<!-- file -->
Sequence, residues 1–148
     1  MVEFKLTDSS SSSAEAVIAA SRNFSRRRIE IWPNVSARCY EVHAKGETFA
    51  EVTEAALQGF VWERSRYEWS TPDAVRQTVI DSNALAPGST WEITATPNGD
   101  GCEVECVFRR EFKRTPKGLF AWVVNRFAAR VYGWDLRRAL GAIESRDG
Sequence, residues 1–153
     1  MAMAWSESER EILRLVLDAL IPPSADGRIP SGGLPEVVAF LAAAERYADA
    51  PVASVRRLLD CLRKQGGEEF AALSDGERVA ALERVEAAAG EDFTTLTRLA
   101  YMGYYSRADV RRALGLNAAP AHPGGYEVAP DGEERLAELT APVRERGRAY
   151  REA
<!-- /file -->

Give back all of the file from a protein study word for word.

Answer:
Sequence, residues 1–148
     1  MVEFKLTDSS SSSAEAVIAA SRNFSRRRIE IWPNVSARCY EVHAKGETFA
    51  EVTEAALQGF VWERSRYEWS TPDAVRQTVI DSNALAPGST WEITATPNGD
   101  GCEVECVFRR EFKRTPKGLF AWVVNRFAAR VYGWDLRRAL GAIESRDG
Sequence, residues 1–153
     1  MAMAWSESER EILRLVLDAL IPPSADGRIP SGGLPEVVAF LAAAERYADA
    51  PVASVRRLLD CLRKQGGEEF AALSDGERVA ALERVEAAAG EDFTTLTRLA
   101  YMGYYSRADV RRALGLNAAP AHPGGYEVAP DGEERLAELT APVRERGRAY
   151  REA